FOCUS – Zero Waste France non-profit organization first festival – aiming at developing a world without waste – took place in Paris from June 30 to July 2, 2016. Robert Reed, Zero Waste advocate all around the world and spokesman of the US cooperative company Recology is one the guests of honour of the festival. Before going to Paris, he stopped by Grenoble to give a conference at Grenoble Polytechnic Institute (INP) to present all the programs implemented in San Francisco by Recology and meet people in Grenoble. Meeting.
Around fifty people of all ages gathered Tuesday June 28th at Grenoble Polytechnic Institute (Grenoble INP) to attend a conference-debate organized by Zero Waste Grenoble non-profit organization and G‑SCOP Laboratory of Grenoble INP.
Robert Reed was the honored guest of an evening of pedagogy, but above all of interaction.
That former journalist specialized in environmental matters who became the spokesman of the cooperative company Recolgy has been working for twenty-three years to promote a world without waste.
Robert Reed was a guest at the first edition of Zero Waste France festival taking place in Paris from June 30 to July 2, 2016 and he took advantage of his trip to France to stop by a few cities to promote the Zero Waste approach and develop the movement in Europe. An opportunity to go over the Recology experiment, initiated in San Francisco and all the emblematic programs implemented by the company over the years.The City by the Bay has become the zero waste benchmark in the USA ads all over the world. Russia, Scotland, France, China… 62 countries were represented at the event, to see all the work that has been done and to retrieve some ideas that could be implemented in their own country.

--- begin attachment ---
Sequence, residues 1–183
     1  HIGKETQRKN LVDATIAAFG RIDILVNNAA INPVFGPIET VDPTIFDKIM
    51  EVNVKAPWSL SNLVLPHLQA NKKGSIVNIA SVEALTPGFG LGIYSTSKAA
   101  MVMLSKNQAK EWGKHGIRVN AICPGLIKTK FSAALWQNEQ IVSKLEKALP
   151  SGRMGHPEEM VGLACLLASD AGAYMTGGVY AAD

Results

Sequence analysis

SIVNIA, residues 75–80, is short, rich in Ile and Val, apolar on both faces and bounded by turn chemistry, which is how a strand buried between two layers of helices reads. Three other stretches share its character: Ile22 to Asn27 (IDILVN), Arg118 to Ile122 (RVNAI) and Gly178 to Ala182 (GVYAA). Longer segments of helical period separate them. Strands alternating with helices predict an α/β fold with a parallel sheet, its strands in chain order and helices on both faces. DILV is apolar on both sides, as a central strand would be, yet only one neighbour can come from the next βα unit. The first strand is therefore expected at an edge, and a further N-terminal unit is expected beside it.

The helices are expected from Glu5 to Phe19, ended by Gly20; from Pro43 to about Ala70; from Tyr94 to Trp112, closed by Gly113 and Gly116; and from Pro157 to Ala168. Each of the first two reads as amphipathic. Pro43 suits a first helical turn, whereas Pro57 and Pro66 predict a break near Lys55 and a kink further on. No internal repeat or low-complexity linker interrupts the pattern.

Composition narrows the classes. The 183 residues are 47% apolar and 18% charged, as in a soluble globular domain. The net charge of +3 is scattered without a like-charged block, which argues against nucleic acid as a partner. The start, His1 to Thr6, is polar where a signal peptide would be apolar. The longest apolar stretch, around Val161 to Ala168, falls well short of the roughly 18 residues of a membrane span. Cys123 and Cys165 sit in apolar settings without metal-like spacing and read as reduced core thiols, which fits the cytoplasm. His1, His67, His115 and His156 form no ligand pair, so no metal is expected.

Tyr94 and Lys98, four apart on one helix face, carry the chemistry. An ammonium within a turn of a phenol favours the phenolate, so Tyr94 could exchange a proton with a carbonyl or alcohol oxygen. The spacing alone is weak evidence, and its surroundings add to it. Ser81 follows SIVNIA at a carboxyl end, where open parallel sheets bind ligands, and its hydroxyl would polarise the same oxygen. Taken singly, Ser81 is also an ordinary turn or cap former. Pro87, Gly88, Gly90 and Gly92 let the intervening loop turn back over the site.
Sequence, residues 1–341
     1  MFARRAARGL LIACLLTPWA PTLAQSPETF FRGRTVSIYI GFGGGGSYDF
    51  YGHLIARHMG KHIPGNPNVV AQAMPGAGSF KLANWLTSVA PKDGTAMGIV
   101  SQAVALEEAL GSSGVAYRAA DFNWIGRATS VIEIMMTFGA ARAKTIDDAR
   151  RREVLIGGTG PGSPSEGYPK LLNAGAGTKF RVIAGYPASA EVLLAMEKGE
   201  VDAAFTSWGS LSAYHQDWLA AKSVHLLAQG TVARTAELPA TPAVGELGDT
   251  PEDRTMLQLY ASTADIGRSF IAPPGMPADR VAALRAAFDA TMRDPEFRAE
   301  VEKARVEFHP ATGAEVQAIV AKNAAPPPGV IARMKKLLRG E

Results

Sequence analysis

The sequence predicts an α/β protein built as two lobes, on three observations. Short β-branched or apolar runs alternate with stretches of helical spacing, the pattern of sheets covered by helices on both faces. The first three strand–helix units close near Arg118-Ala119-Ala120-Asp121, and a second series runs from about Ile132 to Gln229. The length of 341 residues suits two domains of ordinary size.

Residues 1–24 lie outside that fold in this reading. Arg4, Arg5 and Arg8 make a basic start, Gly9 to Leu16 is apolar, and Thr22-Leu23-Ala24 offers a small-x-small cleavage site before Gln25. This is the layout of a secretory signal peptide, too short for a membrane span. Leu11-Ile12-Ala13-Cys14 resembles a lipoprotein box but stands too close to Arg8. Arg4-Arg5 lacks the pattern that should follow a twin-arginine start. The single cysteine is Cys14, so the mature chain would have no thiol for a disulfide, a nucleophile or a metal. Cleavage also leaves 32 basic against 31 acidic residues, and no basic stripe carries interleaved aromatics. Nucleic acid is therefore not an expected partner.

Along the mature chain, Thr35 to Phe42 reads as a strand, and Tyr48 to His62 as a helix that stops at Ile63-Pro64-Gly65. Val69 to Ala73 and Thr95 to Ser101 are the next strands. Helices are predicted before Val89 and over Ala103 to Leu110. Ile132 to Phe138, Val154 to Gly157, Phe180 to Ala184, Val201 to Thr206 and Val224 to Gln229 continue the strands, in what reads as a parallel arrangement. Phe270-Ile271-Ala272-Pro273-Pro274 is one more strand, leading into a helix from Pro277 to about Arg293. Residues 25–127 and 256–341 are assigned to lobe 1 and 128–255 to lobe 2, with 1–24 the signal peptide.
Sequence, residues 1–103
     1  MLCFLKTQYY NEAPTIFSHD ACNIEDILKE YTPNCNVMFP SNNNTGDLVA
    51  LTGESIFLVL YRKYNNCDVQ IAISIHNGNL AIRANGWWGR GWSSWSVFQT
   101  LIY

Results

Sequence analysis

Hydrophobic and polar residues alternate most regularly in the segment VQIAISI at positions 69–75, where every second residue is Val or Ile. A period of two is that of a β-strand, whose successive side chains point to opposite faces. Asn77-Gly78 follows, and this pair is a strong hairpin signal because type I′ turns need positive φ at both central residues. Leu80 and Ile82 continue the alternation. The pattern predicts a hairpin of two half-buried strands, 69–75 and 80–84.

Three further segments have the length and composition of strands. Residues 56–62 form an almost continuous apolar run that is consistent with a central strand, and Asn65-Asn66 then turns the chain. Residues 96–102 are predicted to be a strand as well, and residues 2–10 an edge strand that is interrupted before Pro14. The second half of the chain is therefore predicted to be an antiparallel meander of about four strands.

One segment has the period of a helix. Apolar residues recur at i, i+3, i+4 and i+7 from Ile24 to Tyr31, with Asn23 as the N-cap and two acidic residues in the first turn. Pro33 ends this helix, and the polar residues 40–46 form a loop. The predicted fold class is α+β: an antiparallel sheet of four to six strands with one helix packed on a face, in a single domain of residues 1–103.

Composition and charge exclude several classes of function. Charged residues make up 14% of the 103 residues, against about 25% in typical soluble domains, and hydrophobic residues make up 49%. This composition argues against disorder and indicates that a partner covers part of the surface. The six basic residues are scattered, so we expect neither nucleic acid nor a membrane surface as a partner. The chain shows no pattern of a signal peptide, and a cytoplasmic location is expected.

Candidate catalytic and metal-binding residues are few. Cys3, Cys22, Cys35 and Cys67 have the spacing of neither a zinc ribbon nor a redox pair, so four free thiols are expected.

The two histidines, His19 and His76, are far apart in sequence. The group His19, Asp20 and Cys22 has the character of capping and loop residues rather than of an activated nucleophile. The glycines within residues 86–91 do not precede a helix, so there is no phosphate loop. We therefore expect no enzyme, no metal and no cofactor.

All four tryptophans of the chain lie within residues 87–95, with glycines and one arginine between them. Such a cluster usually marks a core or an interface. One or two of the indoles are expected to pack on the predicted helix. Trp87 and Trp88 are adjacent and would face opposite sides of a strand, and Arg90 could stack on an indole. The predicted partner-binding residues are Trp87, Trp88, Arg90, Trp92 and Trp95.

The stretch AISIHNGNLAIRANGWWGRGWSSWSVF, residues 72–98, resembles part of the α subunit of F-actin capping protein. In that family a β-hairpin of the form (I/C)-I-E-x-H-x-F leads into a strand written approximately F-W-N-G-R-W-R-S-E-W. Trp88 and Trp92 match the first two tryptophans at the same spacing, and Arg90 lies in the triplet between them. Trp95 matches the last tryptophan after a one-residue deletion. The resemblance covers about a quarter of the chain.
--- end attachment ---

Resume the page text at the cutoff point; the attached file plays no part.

« RECOLOGY » IN SHORT
Created in 1921, Recology was formerly a waste disposal company and became a cooperative company providing programmes and services to limit waste production of businesses and citizens. Its motto : “Reduce, reuse, recycle”. Door-to-door waste collecting, compost platform, awareness programmes… the company works with San Francisco which supports part of its actions, the citizens contribute for the rest. 173 people work at Recology, they get health and welfare benefits, a pension and earn 25 dollars an hour.
ROBERT REED : « THE MORE YOU THROW, THE MORE YOU PAY »
What are the rates of Recology’s collection services ?
The typical family in San Francisco pays 34 dollars a month for the service. We come four times a month and we collect all three containers. It’s a little bit more than a dollar a day.
We sort the material into fourteen commodities and we sell the paper, the glass, the plastic, the aluminum, the compost … and all the revenue stream helps keep that cost reasonable. The city regulates the program. Every month the city does accounting to account the expenses, fuel, wages, insurance, uniforms and then count all the revenues.
There’s a gap because the expenses are higher than the revenues and thirty four dollars per house, fills the gap. A black bin costs 25 dollars a month. The green bin is 4 dollars, and the blue bin is 4 dollars. If you only need the black bin picked up once a month you’ll be given an additional discount, this is the policy set by the city (« Pay as you throw »)